Born in Northumberland, England (1839) to William Armstrong and Mary Kirk, Francis Armstrong represented the seventh generation of Armstrongs to reside in Northumberland. However, his family left England in 1851 for Canada, settling near Hamilton. Seven years later, in 1858, Francis moved to Richmond, Missouri, where he took work at a sawmill and met David Whitmer, one of the witnesses of the Book of Mormon. That meeting led to Francis' conversion to the Church of the Ladder-Day Saints and his subsequent decision to move to Salt Lake City in 1861.
Armstrong's first years in Salt Lake consisted of working various jobs such as hauling wood, worked at Brigham Young's flour mill, and working at a lumber mill. Over time, he collected enough wages to purchase a small lumber mill and forge several business partnerships. By 1869, Armstrong and his partners grew to become one of the city's leading contractors, construction companies, and supplier of commercial goods.
By the 1870s, he also served with banks, worked on the boards of utility companies and purchased flour mills. His business success allowed him to become one of the city's wealthiest individuals and one of Salt Lake City's most prominent citizens. As a result of his notoriety, he was able to engage in politics, first winning elections as a city councilman in 1878 and 1880. He continued to move up the proverbial political latter so that by 1886 he successfully ran for Mayor; he held the office for four years.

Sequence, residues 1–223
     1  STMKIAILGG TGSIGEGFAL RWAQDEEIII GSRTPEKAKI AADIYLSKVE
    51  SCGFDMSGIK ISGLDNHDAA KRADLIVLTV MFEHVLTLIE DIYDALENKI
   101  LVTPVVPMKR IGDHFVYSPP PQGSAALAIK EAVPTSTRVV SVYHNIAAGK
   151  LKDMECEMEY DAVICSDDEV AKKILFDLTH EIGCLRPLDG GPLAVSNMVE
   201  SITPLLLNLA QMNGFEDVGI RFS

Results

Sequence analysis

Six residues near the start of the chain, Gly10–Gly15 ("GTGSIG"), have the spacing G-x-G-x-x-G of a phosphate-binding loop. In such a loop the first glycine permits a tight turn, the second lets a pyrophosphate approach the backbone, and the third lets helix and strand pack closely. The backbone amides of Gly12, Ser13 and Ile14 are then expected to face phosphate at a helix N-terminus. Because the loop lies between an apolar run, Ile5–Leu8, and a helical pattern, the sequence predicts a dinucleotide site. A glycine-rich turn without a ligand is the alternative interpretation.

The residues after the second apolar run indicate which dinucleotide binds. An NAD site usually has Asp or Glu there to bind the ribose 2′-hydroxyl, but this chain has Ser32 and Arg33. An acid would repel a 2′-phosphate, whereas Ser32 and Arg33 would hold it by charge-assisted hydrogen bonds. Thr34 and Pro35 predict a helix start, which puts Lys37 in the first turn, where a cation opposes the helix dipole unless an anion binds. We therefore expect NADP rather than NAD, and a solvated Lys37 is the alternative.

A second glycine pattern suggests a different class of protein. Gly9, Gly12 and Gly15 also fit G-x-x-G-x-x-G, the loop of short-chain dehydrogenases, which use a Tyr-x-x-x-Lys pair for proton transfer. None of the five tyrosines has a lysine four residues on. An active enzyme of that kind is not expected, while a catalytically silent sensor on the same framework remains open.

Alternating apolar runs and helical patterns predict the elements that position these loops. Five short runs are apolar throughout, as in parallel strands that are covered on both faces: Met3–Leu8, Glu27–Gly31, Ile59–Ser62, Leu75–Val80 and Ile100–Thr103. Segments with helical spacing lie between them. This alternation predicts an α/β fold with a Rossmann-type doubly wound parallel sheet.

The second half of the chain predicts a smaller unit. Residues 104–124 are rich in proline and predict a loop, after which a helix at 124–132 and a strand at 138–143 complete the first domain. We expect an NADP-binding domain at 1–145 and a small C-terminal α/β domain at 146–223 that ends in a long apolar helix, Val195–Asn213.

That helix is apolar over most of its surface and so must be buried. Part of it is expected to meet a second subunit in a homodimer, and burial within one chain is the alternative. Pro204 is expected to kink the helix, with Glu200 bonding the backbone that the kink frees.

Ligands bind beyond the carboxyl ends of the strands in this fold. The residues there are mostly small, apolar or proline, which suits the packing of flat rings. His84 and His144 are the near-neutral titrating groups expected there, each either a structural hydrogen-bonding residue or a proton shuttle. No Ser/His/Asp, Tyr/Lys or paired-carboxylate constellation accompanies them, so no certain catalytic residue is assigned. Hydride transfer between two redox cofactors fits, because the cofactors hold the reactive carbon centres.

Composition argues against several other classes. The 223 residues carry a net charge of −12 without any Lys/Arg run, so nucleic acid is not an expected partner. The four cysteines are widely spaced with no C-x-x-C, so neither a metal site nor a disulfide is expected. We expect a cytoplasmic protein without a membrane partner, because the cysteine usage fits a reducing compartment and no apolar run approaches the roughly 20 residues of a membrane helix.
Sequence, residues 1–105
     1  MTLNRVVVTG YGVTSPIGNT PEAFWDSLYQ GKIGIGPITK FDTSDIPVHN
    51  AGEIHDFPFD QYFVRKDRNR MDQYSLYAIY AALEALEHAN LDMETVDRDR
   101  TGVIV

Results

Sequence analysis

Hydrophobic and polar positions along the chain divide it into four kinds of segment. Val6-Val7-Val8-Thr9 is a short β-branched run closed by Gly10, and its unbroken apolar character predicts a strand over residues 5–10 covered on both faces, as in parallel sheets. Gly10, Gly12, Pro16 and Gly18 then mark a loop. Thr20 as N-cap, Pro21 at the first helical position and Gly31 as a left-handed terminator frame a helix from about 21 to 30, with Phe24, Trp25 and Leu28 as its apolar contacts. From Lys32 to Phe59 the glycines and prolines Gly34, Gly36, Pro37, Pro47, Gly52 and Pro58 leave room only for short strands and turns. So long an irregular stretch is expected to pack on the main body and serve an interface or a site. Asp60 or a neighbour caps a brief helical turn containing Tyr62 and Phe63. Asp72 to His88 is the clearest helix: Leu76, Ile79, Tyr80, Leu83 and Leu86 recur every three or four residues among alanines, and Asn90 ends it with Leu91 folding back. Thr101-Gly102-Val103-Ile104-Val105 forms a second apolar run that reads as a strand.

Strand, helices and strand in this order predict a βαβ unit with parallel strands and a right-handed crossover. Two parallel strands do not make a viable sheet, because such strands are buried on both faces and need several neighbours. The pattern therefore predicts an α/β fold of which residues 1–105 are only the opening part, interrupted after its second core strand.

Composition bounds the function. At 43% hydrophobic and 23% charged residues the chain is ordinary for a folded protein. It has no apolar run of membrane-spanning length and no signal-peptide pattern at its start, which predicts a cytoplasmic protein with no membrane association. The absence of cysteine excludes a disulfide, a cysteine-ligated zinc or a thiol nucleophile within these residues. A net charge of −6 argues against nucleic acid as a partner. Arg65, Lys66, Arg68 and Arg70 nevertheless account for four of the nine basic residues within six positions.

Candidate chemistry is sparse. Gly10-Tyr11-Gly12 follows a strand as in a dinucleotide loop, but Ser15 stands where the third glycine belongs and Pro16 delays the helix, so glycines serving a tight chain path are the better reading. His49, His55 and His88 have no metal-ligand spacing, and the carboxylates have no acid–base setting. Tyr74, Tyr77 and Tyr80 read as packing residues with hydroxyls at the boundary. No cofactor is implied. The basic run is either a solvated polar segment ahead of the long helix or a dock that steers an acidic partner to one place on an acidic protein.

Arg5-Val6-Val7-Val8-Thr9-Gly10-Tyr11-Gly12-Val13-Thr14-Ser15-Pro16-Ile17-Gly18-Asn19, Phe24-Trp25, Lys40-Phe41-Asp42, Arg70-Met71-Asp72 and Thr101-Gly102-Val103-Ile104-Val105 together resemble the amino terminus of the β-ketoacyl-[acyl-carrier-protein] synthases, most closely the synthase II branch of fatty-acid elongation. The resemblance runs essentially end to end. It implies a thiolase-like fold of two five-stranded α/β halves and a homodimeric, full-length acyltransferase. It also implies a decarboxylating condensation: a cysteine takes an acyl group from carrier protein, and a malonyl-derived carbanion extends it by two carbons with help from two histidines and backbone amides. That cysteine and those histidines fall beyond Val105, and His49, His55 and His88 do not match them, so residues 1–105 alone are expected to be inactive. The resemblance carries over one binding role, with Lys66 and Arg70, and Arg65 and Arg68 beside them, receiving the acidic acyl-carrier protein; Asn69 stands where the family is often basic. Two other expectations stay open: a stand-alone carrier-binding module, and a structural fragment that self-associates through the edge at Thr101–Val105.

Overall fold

On December 10, 1864, Armstrong married Isabelle Siddoway, who gave birth to twelve children (one died at the age of three). In May of 1870, Armstrong married a second wife, Sarah Carruth. Though she died in 1883, she also bore him six more children during their 13 years of marriage. Only two of those children survived to adulthood. In 1890, LDS prophet Willford Woodruff barred the practice of polygamy but did not require members to terminate their existing marriages. Utah became a state in 1896 and barring polygamy was a prerequisite to statehood.
This mansion was completed in 1892 after Armstron completed his term as mayor. The home exemplifies Queen Anne architectural style, which demonstrates Armstrong's ties to his English heritage. The home also plays on the duality of the LDS philosophy of developing a large, healthy family, as well as Victorian Era attitudes about Middle-Class values tied to family values, gender roles and having a sizable home that provided privacy, and also remarked on one's social status.